Above Photo: In this photo taken on November 19, 2015, smoke belches from a coal-fired power station near Datong, in China’s northern Shanxi province. Photograph: Greg Baker/AFP/Getty Images A new study finds 6.5% of global GDP goes to subsidizing dirty fossil fuels Fossil fuels have two major problems that paint a dim picture for their future energy dominance. These problems are inter-related but still should be discussed separately. First, they cause climate change. We know that, we’ve known it for decades, and we know that continued use of fossil fuels will cause enormous worldwide economic and social consequences. Second, fossil fuels are expensive. Much of their costs are hidden, however, as subsidies. If people knew how large their subsidies were, there would be a backlash against them from so-called financial conservatives. A study was just published in the journal World Development that quantifies the amount of subsidies directed toward fossil fuels globally, and the results are shocking. The authors work at the IMF and are well-skilled to quantify the subsidies discussed in the paper. Let’s give the final numbers and then back up to dig into the details. The subsidies were $4.9 tn in 2013 and they rose to $5.3 tn just two years later. According to the authors, these subsidies are important because first, they promote fossil fuel use which damages the environment. Second, these are fiscally costly. Third, the subsidies discourage investments in energy efficiency and renewable energy that compete with the subsidized fossil fuels. Finally, subsidies are very inefficient means to support low-income households. With these truths made plain, why haven’t subsidies been eliminated? The answer to that is a bit complicated. Part of the answer to this question is that people do not fully appreciate the costs of fossil fuels to the rest of us. Often we think of them as all gain with no pain. So what is a subsidy anyway? Well, that too isn’t black and white. Typically, people on the street think of a subsidy as a direct financial cost that result in consumers paying a price that is below the opportunity cost of the product (fossil fuel in this case). However, as pointed out by the authors, a more correct view of the costs would encompass: not only supply costs but also (most importantly) environmental costs like global warming and deaths from air pollution and taxes applied to consumer goods in general.  The authors argue, persuasively, that this broader view of subsidies is the correct view because they “reflect the gap between consumer prices and economically efficient prices.” Without getting too deep into the weeds, the authors discuss both consumer subsidies (when the price paid by a consumer is below a benchmark price) and producer subsidies (when producers receive direct or indirect support which increases their profitability). The authors then quantify what benefits would be achieved if the fossil fuel subsidies were reformed. Interested readers are directed to the paper for further details, but the results are what surprised me. Pre-tax (the narrow view of subsidies) subsidies amount to 0.7% of global GDP in 2011 and 2013. But the more appropriate definition of subsidies is much larger (8 times larger than the pre-tax subsidies). We are talking enormous values of 5.8% of global GDP in 2011, rising to 6.5% in 2013. The authors also broke the results down by fossil fuel type and usage (coal, petroleum, natural gas, electricity). It is not clear to me how the authors separated the various fuel sources out of electrical generation; however, the results show that petroleum and coal receive much larger subsidies compared to their counterpart fuels. The authors organized results by geographical region and found that the top three subsidizers of fossil fuels are China, USA, and Russia, respectively. The European Union is a bit less than half of the entire US subsidy. Other notable countries and regions are discussed. There are two key takeaway messages. First, fossil fuel subsidies are enormous and they are costs that we all pay, in one form or another. Second, the subsidies persist in part because we don’t fully appreciate their size. These two facts, taken together, further strengthen the case to be made for clean and renewable energy. Clean energy sources do not suffer from the environmental costs that plague fossil fuels. I asked one of the authors, Dr. Coady, why their work is important. He told me: A key motivation for the paper was to increase awareness among policy makers and the public of the large subsidies that arise from pricing fossil fuels below their true social costs—this broader definition of subsidies accounts for the many negative side effects associated with the consumption of these fuels. By estimating these costs on a global scale, we hope to stimulate an informed policy debate and provide renewed impetus for policy reforms to reap the large potential benefits from more efficient pricing of fossil fuels in terms of improved public finances, improved population health and lower carbon emissions. As a climate scientist, I focus almost exclusively on the scientific questions related to climate change. But equally important are the economic issues that, when dealt with, will usher in a new era of energy.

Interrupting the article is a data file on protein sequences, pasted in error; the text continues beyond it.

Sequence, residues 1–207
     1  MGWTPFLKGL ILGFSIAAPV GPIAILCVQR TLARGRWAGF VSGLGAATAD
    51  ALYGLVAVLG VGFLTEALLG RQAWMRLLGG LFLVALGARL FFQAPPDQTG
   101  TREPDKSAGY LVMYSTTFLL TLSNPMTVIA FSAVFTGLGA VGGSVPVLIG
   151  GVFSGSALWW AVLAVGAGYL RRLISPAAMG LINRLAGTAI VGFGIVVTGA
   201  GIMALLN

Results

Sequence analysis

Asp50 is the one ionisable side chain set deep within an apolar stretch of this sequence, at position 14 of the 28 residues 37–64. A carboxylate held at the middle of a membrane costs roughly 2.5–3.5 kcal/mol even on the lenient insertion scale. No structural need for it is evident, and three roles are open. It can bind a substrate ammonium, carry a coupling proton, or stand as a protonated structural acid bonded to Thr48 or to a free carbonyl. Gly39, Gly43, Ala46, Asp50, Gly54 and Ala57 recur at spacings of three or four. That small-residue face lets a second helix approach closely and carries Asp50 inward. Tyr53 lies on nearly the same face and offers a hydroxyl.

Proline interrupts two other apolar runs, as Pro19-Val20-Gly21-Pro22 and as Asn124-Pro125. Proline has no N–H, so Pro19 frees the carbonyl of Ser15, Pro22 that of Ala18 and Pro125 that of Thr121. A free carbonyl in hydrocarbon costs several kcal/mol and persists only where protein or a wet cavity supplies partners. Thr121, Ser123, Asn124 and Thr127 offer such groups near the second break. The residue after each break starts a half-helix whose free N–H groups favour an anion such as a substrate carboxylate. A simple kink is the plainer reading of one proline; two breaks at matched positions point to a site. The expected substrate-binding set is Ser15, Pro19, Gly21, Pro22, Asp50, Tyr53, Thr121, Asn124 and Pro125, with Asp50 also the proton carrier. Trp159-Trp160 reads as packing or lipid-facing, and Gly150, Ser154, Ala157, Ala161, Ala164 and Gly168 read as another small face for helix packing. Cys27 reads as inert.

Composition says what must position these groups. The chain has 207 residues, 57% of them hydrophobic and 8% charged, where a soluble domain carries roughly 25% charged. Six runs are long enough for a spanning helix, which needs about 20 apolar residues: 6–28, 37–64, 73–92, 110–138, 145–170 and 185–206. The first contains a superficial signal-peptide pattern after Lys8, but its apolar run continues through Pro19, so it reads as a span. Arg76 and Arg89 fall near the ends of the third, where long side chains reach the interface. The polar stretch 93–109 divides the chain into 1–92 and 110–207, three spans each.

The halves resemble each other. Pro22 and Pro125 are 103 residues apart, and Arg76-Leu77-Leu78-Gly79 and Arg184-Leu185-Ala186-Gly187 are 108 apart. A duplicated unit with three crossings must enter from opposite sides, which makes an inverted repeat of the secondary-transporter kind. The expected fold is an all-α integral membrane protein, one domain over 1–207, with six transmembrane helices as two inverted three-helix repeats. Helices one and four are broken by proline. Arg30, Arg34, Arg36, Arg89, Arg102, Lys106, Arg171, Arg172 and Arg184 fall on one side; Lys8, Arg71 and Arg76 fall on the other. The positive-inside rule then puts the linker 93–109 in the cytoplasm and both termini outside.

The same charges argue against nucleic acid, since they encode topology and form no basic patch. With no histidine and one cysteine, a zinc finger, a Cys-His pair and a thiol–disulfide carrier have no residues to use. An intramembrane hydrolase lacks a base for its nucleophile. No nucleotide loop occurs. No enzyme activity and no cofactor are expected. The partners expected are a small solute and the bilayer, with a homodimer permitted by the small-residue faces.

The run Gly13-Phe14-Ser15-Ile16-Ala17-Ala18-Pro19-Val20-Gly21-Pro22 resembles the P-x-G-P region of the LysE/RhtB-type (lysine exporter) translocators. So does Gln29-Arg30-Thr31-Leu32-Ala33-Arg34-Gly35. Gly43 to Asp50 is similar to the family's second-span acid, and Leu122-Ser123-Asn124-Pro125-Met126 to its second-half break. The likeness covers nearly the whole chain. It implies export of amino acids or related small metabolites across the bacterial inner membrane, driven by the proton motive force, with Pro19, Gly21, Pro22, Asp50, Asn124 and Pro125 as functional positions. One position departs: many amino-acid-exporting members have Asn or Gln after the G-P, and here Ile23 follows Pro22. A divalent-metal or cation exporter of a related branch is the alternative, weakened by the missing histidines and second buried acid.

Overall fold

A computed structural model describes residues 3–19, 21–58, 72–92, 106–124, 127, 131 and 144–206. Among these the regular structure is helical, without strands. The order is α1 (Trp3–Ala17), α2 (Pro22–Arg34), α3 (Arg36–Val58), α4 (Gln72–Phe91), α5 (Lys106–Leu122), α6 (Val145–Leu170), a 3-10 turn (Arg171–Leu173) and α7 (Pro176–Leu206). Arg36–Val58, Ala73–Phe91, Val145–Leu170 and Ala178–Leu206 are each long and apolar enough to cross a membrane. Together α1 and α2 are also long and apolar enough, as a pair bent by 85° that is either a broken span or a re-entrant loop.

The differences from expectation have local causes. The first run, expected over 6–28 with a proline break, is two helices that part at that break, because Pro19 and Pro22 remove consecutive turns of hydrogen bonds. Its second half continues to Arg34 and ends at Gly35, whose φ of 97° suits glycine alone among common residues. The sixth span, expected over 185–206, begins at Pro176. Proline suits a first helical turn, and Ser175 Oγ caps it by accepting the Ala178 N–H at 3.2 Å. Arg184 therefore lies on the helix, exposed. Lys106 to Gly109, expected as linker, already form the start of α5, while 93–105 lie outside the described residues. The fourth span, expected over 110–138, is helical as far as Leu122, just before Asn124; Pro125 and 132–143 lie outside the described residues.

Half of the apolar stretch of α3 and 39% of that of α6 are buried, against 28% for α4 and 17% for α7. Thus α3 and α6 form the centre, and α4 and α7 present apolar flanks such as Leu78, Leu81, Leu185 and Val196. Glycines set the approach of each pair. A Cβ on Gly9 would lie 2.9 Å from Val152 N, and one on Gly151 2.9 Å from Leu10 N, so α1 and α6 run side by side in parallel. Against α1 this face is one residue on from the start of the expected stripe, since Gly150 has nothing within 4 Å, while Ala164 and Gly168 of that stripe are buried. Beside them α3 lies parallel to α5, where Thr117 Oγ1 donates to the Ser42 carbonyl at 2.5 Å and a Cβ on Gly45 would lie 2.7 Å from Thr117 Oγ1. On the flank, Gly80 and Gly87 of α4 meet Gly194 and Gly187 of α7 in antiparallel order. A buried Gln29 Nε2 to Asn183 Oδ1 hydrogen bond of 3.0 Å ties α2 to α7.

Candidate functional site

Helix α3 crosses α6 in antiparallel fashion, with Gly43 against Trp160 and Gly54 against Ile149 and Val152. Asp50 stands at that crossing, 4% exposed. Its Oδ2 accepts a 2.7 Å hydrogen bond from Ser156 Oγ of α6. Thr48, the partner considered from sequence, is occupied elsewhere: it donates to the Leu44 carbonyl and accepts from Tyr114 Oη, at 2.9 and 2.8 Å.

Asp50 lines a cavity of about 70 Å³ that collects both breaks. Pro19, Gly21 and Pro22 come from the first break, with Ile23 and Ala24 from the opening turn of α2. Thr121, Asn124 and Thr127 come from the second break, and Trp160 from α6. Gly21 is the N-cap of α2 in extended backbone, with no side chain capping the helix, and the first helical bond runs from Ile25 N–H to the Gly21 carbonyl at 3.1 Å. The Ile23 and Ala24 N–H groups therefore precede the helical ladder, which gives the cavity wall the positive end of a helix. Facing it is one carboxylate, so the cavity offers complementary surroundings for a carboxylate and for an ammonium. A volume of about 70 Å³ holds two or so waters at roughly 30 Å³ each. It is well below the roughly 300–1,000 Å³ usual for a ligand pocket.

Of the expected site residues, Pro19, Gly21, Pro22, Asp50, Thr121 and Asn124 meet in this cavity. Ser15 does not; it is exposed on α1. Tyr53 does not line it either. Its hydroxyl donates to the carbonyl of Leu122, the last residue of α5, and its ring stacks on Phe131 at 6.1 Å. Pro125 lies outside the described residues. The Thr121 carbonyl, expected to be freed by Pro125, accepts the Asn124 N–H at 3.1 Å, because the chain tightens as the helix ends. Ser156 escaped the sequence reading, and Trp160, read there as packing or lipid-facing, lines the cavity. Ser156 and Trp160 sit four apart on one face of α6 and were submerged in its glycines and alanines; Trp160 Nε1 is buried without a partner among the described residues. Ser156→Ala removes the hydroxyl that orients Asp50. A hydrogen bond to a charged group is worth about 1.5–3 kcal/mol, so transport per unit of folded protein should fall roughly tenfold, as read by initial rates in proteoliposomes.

Categories: Friends of GEO, SE News